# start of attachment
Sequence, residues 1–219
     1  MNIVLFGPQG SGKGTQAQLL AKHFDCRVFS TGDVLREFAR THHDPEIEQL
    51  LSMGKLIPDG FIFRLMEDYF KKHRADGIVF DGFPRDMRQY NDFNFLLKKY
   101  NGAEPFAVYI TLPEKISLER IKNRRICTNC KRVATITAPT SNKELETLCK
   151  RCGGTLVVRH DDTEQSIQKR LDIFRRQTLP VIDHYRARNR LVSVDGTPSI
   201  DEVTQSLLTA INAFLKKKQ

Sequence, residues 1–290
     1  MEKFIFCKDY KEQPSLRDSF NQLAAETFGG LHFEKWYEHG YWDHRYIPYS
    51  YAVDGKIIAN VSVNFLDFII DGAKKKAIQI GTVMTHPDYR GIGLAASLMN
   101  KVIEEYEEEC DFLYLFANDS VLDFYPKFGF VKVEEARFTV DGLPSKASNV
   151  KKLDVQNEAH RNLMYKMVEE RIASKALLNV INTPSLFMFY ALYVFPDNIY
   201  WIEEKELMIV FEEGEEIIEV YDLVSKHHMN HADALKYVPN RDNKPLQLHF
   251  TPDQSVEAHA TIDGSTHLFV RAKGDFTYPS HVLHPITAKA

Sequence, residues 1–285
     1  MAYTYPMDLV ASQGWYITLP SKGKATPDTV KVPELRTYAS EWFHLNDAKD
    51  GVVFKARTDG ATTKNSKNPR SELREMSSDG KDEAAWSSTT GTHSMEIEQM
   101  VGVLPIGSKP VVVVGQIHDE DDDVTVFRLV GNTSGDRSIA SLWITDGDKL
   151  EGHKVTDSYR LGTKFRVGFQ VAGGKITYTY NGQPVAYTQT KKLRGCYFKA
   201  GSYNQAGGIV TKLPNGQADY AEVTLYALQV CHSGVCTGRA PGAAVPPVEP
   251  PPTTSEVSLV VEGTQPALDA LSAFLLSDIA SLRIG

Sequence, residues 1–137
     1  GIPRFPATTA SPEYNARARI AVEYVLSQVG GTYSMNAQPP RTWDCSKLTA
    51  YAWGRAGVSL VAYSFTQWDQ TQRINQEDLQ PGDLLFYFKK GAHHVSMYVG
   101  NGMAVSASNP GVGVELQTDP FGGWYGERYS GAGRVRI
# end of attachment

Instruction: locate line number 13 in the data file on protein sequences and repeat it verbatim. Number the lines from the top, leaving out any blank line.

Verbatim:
   251  TPDQSVEAHA TIDGSTHLFV RAKGDFTYPS HVLHPITAKA